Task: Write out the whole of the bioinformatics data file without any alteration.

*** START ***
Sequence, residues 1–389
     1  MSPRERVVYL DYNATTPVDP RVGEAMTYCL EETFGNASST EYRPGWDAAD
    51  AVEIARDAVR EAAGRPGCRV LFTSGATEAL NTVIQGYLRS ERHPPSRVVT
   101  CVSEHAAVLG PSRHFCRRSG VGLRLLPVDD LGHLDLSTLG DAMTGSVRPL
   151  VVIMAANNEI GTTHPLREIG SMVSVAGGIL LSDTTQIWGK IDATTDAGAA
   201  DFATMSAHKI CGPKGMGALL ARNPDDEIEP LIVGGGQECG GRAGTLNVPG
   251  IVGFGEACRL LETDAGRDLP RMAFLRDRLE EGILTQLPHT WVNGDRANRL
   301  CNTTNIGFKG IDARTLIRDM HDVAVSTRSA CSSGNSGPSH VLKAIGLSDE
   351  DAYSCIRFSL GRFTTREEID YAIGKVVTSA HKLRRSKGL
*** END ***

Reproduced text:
Sequence, residues 1–389
     1  MSPRERVVYL DYNATTPVDP RVGEAMTYCL EETFGNASST EYRPGWDAAD
    51  AVEIARDAVR EAAGRPGCRV LFTSGATEAL NTVIQGYLRS ERHPPSRVVT
   101  CVSEHAAVLG PSRHFCRRSG VGLRLLPVDD LGHLDLSTLG DAMTGSVRPL
   151  VVIMAANNEI GTTHPLREIG SMVSVAGGIL LSDTTQIWGK IDATTDAGAA
   201  DFATMSAHKI CGPKGMGALL ARNPDDEIEP LIVGGGQECG GRAGTLNVPG
   251  IVGFGEACRL LETDAGRDLP RMAFLRDRLE EGILTQLPHT WVNGDRANRL
   301  CNTTNIGFKG IDARTLIRDM HDVAVSTRSA CSSGNSGPSH VLKAIGLSDE
   351  DAYSCIRFSL GRFTTREEID YAIGKVVTSA HKLRRSKGL